Motley Crue have come a long way from their '80s heyday. But thanks to some smart business decisions, the band's success today is practically parallel to that of their rock radio peak over three decades ago. These days, the group doesn't even need radio play to justify their success or continue their career.

That's how longtime Motley Crue manager Allen Kovac put it in a recent interview that goes behind the scenes of the act's resurgence. Kovac is also the CEO of Better Noise Music (formerly Eleven Seven Music), a record label that focuses on artist development and counts the Crue among its current roster.

Speaking to Forbes this week (Dec. 31, 2019), the executive explained how Motley Crue's recent Netflix biopic The Dirt helped strengthen the act's fanbase while attracting a new audience. It's a strategy the group members themselves have underlined as an important aspect of their heralded reunion.

"There's a demand that we could see from data and streaming, where the audience changed and the streaming went up 600 percent when the film was out and has stayed up 300 percent, and will stay there because their followers tripled," Kovac said. "And that's what you're aiming for. You're aiming for followers. Not quick playlisting or radio airplay."

The Motley Crue manager went on to highlight the shift in standards from classic rock's golden era to today's focus on streaming numbers. Still, he indicated that Motley Crue's bread and butter is the concert experience they'll be rekindling across the United States this summer on the massive "The Stadium Tour."

"Bruce Springsteen and Tom Petty would never have a career in today's environment," Kovac added. "Bruce Springsteen broke fan by fan, live. Tom Petty, same thing. It's their second albums that broke. So our standard is different than other companies, and we want to work with people that want to measure against that standard as opposed to, 'Hey, radio, go develop our artists with spins overnight to go No. 1.'"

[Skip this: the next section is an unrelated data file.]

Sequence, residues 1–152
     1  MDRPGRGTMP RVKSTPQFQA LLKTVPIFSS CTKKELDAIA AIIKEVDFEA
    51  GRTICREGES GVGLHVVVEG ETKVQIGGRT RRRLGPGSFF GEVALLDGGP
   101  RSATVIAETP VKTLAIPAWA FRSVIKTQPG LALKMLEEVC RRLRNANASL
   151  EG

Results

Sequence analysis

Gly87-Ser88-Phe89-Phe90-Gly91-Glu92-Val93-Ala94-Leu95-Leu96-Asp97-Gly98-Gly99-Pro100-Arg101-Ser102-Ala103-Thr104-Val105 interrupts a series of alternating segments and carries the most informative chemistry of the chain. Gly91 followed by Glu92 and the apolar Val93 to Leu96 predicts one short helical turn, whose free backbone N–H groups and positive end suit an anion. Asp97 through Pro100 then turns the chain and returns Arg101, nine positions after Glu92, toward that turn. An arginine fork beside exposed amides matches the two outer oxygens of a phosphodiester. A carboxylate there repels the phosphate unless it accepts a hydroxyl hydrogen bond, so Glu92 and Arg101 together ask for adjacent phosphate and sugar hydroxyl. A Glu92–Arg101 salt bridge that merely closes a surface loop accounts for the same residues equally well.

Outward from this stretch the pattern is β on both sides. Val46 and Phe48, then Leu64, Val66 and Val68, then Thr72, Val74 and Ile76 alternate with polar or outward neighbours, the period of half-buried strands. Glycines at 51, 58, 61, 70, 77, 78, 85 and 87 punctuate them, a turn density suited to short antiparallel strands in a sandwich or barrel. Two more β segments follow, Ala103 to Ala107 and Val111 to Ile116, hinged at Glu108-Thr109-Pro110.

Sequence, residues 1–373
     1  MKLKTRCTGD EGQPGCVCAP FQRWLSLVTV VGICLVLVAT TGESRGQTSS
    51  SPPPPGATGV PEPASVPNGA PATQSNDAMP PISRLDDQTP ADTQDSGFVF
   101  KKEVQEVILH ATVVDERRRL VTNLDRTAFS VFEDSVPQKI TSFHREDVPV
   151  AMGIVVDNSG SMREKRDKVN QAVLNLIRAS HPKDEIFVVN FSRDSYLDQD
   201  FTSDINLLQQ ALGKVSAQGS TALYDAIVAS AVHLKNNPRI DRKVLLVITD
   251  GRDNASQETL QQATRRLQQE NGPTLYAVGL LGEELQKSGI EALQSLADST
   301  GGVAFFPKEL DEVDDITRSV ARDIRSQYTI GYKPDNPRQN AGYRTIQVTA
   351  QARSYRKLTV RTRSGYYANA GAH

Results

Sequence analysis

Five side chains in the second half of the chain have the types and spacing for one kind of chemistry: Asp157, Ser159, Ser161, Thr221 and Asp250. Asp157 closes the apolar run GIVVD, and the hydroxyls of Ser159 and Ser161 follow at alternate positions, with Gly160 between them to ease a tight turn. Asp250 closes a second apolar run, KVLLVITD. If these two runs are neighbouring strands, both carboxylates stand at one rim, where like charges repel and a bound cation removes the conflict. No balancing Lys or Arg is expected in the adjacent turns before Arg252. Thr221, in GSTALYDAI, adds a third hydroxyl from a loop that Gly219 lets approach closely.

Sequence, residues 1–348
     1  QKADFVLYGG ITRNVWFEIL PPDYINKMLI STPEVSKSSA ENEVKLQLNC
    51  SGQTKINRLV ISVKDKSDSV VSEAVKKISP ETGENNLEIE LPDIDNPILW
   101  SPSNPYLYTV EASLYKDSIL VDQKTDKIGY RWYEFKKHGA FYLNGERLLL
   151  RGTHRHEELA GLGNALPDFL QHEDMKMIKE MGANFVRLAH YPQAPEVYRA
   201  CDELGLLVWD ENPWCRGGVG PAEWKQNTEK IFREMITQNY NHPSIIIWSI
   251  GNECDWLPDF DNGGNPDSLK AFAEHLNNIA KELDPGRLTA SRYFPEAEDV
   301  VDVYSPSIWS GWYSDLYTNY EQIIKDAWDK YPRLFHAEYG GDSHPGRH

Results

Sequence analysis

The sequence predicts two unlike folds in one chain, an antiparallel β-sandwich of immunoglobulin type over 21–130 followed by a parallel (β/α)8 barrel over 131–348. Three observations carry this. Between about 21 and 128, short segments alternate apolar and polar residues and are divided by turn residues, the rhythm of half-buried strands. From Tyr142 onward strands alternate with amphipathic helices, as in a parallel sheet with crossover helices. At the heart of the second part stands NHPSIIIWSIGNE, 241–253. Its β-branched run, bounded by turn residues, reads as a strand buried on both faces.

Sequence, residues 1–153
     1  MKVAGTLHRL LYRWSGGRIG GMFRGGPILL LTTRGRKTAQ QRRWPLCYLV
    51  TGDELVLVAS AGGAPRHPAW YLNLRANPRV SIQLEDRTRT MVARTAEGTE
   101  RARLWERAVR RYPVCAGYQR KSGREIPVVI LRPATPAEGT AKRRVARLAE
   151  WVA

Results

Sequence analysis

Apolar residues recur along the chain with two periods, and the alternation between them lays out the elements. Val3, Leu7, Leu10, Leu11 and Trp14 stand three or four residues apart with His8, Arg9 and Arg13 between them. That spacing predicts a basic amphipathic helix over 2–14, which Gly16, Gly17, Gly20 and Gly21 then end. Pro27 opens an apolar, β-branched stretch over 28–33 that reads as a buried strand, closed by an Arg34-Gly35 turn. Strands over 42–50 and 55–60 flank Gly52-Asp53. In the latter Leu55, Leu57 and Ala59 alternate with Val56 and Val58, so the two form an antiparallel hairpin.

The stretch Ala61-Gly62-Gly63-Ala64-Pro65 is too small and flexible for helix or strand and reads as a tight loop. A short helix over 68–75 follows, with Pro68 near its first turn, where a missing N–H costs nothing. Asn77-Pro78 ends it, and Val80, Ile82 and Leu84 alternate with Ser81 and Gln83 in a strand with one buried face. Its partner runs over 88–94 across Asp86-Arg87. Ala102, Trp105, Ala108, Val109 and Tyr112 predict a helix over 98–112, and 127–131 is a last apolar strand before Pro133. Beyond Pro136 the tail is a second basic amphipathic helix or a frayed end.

Kovac began managing Motley Crue in 1994. Four years later, he had helped the group get out of their contract with Elektra Records and buy back their own master recordings. It's a move that cost them an estimated "$10 million of $12 million they were owed" at the time, but it reaped dividends for the outfit in the long run.

"If they own that music, it doesn't need to be current hits," Kovac said. "It needs to be the soundtrack to their fans' lives. So they were making more money in a year than they were making in two years by getting their masters."

Motley Crue and Def Leppard kick off "The Stadium Tour" with special guests Poison and Joan Jett in July. Whispers about the trek first surfaced last November before Crue confirmed the rumors were true.

See Motley Crue in 20 Rock + Metal Bands That Reunited This Decade

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